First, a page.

YA-- Huong's exquisite book, banned in her own country, introduces readers to daily life in Vietnam under Communist rule in the 1970s. Readers will be captivated by this story of a young girl growing into womanhood under a regime that negates many of the people's old values and customs and tears families apart. Hang grows up seeking the name of her father and the circumstances of his disappearance and death. Concomitantly, her mother becomes more and more desperate and distant in her struggle to earn a living as a street snack seller, a job decried by Uncle Chinh, a loyal Communist, as reminiscent of old capitalist ways. Her mother is also tied to another remnant of the past; she will sacrifice health, food, and her own self-respect to cater to Chinh's needs and expects her daughter to do the same. As a young adult, Hang is sent to work in Russia, and the author describes that country with equal skill. The book captures the enormous beauty and sensory delights of this unique land, as well as the degradation and grim realities of the post-civil-war period. The translator's notes guide readers through the politics.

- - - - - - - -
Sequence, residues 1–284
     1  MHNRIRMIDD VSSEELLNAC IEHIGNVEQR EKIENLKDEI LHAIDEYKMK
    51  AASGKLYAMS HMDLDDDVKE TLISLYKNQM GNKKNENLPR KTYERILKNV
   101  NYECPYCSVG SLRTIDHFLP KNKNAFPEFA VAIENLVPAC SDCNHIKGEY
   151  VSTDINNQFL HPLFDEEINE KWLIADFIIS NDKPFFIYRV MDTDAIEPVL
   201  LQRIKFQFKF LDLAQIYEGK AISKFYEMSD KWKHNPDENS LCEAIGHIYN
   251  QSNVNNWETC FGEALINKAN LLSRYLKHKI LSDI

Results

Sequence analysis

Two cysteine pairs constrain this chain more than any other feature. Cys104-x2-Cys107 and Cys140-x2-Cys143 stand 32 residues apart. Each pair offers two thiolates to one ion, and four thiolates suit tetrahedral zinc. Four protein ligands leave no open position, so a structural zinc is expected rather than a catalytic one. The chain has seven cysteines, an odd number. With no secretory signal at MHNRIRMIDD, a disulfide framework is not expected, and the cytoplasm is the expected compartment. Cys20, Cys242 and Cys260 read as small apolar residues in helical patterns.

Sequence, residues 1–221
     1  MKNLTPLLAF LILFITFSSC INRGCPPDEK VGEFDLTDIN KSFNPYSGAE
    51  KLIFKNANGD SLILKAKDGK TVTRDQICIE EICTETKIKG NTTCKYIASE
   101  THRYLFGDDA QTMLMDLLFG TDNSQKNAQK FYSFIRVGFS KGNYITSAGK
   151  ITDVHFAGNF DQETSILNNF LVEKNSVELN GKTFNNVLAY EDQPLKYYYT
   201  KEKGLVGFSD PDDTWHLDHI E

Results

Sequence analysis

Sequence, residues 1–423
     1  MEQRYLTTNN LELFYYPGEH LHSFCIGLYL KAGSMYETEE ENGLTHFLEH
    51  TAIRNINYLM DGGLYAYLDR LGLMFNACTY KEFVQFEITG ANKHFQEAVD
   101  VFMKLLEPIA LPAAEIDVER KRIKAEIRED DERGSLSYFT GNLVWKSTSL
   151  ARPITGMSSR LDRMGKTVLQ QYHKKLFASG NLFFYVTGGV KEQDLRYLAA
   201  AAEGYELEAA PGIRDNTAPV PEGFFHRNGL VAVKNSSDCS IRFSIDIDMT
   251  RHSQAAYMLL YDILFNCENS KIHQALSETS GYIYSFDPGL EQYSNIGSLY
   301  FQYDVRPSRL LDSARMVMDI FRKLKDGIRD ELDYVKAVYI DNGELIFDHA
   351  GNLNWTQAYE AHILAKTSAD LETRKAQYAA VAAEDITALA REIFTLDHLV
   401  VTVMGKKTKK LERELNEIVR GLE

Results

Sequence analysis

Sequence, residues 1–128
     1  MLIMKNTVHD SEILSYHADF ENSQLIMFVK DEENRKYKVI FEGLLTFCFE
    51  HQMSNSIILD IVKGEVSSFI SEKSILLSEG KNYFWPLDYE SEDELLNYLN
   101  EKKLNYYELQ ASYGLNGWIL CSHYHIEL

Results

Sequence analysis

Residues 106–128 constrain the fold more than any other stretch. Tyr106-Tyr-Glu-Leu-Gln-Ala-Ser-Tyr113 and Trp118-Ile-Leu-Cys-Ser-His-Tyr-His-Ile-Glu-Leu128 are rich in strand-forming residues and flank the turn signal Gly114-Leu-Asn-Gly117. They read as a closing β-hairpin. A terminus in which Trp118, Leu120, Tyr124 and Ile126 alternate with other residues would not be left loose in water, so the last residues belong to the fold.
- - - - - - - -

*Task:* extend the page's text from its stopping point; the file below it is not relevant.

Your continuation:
- Virginia Ryder, West Potomac High School, Fairfax County, VA
Copyright 1993 Reed Business Information, Inc. --This text refers to an out of print or unavailable edition of this title.

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Customer Reviews

4.3 out of 5 stars
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It is a good read and makes you think!
Crossfit Len
Looks like the communism in Vietnam is very different than in the EU countries.
reader
Not quite caricatures, but a bit too close nevertheless.
Crazy Fox

Most Helpful Customer Reviews

16 of 16 people found the following review helpful By Rebecca Rae on June 12, 2005
Format: Paperback
It's a challenge to really get into the heart of this book. It is easy for critics to praise it as a book that accurately portrays the effects of communism in Vietnam, however one must look far beyond that. The book comments much more on the evolving modern world clashing with traditional customs, or the struggle of family loyalty, then it is a political commentary on communism.